The Online Premiere of Disney's Paperman

FILE - In this March 5, 2010 file photo, an Oscar statue stands on the red carpet outside the Kodak Theatre as preparations c
FILE - In this March 5, 2010 file photo, an Oscar statue stands on the red carpet outside the Kodak Theatre as preparations continue for the 82nd Academy Awards in Los Angeles, Calif. The motion picture academy says it's extending the deadline for members to vote for the Academy Awards to Jan. 4, 2013, following criticism of its new electronic voting system. The 85th annual Academy Awards are scheduled for Feb. 24, 2013. (AP Photo/Amy Sancetta, File)

So what do you know about "Paperman," that new Walt Disney Animation Studios production which was recently nominated for a Best Animated Short Oscar?

Well, you may have heard that this mostly black-and-white film uses a new technology, which Disney senior software engineer Brian Whited created to merge CG and hand-drawn animation. Or that this 7 minute-long film (which was helmed by John Kahrs, a first-time director) is kind of an urban fairytale. In that it recounts one man's desperate efforts to attract the attention of a beautiful young lady in the skyscraper directly across the way.


But unless you caught "Wreck-It Ralph" during its theatrical run, you haven't yet had the chance to see Paperman in its entirety. Not 'til today, that is. Which is when I present an exclusive piece of Disney magic, the online premiere of this Academy Award-nominated animated short.

Now don't let this charming, deceptively simple-looking film fool you. Though Paperman may have a limited color palette (i.e. grey, white, black & red), the sky's the limit when it comes to the innovative technology that actually made this animated short possible. Which brings the expressive & organic feel of traditional hand-drawn Disney animation to the CG world.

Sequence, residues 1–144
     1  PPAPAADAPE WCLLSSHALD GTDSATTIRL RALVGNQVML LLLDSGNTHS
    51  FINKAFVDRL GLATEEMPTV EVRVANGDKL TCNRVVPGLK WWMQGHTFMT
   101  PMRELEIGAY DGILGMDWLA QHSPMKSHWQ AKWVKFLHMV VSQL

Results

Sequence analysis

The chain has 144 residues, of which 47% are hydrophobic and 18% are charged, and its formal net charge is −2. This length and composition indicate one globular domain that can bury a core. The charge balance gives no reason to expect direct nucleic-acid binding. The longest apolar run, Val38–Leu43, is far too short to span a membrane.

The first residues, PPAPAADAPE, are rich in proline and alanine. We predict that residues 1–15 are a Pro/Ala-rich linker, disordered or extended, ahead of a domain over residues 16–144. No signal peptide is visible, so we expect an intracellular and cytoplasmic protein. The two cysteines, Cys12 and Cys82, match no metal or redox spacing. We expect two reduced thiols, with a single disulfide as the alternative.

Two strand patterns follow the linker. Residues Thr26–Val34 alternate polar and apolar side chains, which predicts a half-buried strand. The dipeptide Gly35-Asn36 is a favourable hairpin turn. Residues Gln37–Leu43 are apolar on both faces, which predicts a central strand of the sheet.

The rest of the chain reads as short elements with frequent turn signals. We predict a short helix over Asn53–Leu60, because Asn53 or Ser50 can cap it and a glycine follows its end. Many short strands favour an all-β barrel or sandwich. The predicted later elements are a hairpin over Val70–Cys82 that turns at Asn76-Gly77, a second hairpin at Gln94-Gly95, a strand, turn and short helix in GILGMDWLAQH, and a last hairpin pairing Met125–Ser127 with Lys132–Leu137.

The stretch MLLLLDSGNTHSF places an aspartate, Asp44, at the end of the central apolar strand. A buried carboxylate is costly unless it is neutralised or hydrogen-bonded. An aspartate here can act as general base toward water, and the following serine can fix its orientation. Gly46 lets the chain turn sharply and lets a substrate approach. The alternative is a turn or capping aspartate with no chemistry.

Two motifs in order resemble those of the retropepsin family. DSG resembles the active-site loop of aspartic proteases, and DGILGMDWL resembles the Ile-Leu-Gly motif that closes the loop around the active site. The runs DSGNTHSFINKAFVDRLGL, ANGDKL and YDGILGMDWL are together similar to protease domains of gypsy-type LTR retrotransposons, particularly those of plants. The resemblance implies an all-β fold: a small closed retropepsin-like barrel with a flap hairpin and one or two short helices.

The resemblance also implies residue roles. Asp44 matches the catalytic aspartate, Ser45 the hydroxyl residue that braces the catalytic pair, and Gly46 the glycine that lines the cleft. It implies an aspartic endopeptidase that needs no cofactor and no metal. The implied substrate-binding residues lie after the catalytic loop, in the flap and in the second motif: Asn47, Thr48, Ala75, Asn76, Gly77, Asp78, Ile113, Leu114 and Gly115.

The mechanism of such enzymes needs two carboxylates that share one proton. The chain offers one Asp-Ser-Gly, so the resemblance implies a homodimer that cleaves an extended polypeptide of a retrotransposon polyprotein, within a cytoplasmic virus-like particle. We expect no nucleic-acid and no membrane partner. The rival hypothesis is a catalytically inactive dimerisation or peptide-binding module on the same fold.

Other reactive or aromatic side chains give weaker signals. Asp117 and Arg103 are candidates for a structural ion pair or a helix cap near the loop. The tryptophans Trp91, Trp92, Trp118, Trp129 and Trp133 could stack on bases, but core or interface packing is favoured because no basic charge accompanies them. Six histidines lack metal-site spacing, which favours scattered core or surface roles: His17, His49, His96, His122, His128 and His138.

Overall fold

Which is pretty impressive unto itself. But in the end, what you're going to remember about Paperman isn't the set of software tools that gave this animated short its signature look. But -- rather -- the sweet story that Kahrs and his relatively tiny team at WDAS (we're talking just a core group of 11 or 12 people. Including first-time art director Jeff Turley and animation supervisor Patrick Osborne) crafted about how a chance meeting on a subway platform can sometimes lead to love. Providing that you know how to properly fold a paper airplane, that is.

Look, I know that Valentine's Day is still more than two weeks away at this point. But trust me, folks. Paperman is something that you're going to want to share with someone you care about today. So go click on the video above. And you can thank me later.

Jim Hill is an award-winning entertainment writer who lives in New Boston, NH. Over the past 30 years, he has interviewed hundreds of veterans of the animation & themed entertainment industry and written extensively about The Walt Disney Company.

Jim is currently working on a behind-the-scene history of the development & construction of Disneyland. For his more immediate musings on movies, TV shows, books and theme parks, please check out his blog,